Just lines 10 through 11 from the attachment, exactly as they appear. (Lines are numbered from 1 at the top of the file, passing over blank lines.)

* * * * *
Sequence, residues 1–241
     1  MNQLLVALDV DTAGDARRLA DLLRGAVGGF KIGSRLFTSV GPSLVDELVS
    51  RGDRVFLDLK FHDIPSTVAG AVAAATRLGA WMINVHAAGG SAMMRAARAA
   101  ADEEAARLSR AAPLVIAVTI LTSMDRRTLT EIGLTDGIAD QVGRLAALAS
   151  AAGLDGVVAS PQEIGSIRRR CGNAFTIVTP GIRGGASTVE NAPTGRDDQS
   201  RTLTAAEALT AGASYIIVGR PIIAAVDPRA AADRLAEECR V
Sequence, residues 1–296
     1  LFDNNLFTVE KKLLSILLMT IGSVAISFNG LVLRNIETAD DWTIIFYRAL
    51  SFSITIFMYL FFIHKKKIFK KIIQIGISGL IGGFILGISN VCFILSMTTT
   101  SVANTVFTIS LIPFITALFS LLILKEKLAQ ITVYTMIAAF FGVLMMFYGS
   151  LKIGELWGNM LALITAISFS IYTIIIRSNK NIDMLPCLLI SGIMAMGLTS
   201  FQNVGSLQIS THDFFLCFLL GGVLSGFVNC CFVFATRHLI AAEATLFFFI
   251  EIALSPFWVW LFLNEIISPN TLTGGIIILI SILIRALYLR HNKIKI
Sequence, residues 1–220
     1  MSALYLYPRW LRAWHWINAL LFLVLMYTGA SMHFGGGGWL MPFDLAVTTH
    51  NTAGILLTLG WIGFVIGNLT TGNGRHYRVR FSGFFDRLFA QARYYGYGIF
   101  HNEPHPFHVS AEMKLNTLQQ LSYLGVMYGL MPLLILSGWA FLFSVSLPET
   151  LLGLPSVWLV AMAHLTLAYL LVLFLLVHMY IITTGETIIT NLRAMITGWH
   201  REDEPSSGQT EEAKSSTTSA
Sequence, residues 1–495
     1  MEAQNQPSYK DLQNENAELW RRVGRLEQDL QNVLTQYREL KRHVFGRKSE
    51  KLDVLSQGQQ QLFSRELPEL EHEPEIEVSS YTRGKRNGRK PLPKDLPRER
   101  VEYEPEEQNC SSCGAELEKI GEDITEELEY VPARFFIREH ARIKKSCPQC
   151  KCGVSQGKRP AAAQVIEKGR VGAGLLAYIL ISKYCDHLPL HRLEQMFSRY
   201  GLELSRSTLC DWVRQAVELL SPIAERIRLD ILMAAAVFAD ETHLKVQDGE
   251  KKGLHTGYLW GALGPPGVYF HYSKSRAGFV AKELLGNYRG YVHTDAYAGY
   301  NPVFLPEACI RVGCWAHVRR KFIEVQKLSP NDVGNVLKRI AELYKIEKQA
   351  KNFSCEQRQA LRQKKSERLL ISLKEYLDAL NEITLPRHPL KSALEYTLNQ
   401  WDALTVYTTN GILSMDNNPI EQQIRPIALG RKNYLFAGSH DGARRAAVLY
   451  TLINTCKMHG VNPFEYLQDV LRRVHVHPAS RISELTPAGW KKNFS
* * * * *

   101  SVANTVFTIS LIPFITALFS LLILKEKLAQ ITVYTMIAAF FGVLMMFYGS
   151  LKIGELWGNM LALITAISFS IYTIIIRSNK NIDMLPCLLI SGIMAMGLTS